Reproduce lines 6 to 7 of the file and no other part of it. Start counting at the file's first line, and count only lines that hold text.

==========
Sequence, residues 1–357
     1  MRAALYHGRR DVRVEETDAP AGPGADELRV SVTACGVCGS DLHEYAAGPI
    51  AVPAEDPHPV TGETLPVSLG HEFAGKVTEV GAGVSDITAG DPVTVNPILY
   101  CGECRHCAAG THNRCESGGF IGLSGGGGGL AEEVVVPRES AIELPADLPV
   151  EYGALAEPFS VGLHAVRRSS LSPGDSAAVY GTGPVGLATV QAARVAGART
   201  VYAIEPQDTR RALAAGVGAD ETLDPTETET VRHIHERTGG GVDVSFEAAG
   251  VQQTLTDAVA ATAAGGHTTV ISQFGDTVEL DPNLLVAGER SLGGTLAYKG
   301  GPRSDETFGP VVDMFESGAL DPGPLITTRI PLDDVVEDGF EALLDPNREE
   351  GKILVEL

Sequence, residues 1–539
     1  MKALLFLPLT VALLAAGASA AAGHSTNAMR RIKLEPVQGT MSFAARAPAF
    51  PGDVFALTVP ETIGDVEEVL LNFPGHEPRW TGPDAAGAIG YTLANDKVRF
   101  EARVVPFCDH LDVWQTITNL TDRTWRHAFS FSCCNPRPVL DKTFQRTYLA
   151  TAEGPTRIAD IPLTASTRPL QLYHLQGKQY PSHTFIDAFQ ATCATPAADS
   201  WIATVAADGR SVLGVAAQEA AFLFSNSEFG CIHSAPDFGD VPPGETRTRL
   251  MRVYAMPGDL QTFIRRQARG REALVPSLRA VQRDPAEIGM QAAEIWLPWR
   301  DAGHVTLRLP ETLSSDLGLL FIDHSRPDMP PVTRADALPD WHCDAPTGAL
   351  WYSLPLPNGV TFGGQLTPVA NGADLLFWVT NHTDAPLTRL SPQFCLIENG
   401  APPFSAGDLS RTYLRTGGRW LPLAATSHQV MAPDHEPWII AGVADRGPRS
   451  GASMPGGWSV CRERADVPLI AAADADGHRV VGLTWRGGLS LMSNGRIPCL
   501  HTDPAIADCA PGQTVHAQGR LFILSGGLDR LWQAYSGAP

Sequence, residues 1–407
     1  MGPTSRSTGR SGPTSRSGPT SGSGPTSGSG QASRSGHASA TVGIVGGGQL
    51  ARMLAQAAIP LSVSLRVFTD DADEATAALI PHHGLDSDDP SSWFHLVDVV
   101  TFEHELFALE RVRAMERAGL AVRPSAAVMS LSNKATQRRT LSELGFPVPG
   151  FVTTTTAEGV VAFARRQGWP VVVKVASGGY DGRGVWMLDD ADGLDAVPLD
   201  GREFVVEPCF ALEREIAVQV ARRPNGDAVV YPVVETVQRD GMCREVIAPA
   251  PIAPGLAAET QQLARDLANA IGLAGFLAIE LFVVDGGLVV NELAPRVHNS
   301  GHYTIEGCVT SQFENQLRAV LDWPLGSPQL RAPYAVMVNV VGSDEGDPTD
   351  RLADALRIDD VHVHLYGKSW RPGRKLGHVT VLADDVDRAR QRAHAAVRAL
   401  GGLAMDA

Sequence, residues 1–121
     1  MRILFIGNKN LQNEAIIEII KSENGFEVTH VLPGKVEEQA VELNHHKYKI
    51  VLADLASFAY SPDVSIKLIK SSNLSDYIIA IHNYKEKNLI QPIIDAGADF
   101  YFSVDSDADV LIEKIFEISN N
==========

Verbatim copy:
   201  VYAIEPQDTR RALAAGVGAD ETLDPTETET VRHIHERTGG GVDVSFEAAG
   251  VQQTLTDAVA ATAAGGHTTV ISQFGDTVEL DPNLLVAGER SLGGTLAYKG